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Texas Studies in Literature and Language 46.1 (2004) 20-48

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Miltonic Marriage and the Challenge to History in Paradise Lost

David Mikics

In book 5 of Paradise Lost, Milton's Eve is visited in sleep by "one shaped and winged like one of those from heaven" (5.55): Satan. She is brought before the forbidden tree, its fruit waved in her face. Reporting her dream to Adam after she awakes, she says "The pleasant savoury smell / So quickened appetite, that I, methought, / Could not but taste" (5.84-86). (The actual event of tasting is elided, replaced by a thought.) At the conclusion of her dream, Eve takes flight with Satan:

  Forthwith up to the clouds
With him I flew, and underneath beheld
The earth outstretched immense, a prospect wide
And various: wondering at my flight and change
To this high exaltation (5.86-90)

Eve seems both thrilled and horrified by her aerial ride. Her main feeling, though, is relief. "Suddenly," she says,

My guide was gone, and I, methought, sunk down,
And fell asleep; but O how glad I waked
To find this but a dream! (5.90-93)

During their morning-after conversation about this dream, Eve gains an interpretive guide: Adam. He first dismisses the dream as "wild work," a mere mismatching of shapes produced by fancy, and then decides that the dream means that Eve will avoid the disobedience they have been warned about. He says hopefully, and mistakenly, "What in sleep thou didst abhor to dream, / Waking thou never wilt consent to do" (5.120-21).

Eve in her dream feels trouble; Adam explains it (and tries to explain it away). "Abhor," his word for her reaction to the dream-flight, does not capture the depth and strangeness of her feeling. She sees a "prospect [End Page 20] wide / and various," at once exhilarating and frightening. Adam, submitting her confused apprehension to theory, informs her about, first, the way dreams are constructed, and then what this dream might signify.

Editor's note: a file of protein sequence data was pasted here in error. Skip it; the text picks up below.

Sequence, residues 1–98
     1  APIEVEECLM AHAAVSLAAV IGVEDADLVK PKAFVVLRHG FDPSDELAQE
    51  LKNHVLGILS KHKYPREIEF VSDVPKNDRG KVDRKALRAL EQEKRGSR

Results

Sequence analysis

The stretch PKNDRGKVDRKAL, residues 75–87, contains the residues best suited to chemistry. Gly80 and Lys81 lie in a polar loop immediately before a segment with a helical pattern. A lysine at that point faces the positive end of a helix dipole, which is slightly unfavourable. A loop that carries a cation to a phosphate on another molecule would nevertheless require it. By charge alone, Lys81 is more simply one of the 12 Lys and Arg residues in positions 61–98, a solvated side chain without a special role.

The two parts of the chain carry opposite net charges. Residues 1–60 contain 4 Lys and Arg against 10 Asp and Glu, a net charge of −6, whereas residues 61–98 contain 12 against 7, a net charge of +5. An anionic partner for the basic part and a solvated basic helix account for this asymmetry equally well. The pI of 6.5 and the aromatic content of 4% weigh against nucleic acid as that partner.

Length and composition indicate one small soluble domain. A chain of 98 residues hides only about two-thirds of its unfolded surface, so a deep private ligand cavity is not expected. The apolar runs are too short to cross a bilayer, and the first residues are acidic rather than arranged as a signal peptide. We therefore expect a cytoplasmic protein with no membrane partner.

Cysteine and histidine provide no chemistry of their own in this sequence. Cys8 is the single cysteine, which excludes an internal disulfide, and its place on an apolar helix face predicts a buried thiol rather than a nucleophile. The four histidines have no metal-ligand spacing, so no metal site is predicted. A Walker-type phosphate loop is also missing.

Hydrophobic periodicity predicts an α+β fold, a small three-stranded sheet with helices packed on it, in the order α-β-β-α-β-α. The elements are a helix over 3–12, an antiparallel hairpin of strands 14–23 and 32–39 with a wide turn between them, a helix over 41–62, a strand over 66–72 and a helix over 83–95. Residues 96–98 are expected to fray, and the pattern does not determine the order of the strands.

In the episode of Eve's dream, Paradise Lost seems to be suggesting that the difference between this husband and this wife is, at least in part, the gap between Eve's vulnerable, troubled enjoyment and Adam's effort to make sense of this enjoyment by warding off its immediacy, by giving a theory of it that reduces its bewildering impact. This moment in book 5 suggests that Adam and Eve might stand for two ways in which we read Paradise Lost. On the one hand, we follow Eve in her bold susceptibility to experience. On the other, we ally ourselves to Adam's wariness about experience, and his guarded loyalty to God's commands. (In book 9 Eve will, disastrously, out-argue Adam, as she makes the case for the goodness of experiential trial.) Taking a close look at the distinction between Eve and Adam will enable us to understand Miltonic marriage as it has not been understood before. In Paradise Lost married union is based on a crucial impossibility, the permanent difference between our first parents that makes up their bond.

The image of Edenic marriage in Milton—more specifically, the way that this marriage depends on the elusive character of Eve—is a way of resisting history. New historicists characteristically want to see poetic meaning as a response to historical circumstances, so that the union of Adam and Eve in Paradise Lost becomes, in their hands, a statement about the development of bourgeois marriage. This essay tries to open a path beyond the historicist imprisoning of Milton's work. I argue that the creative impulse in Milton embodies en avant an argument against the critical tradition that constrains, and sometimes distorts, a character like Eve by reducing her to historical significance. I begin with some discussion of recent Milton criticism as it bears on my theme. I will then return to Milton's text and consider a series of episodes in Paradise Lost, beginning with the conversation between Adam and the angel Raphael in book 8, and...


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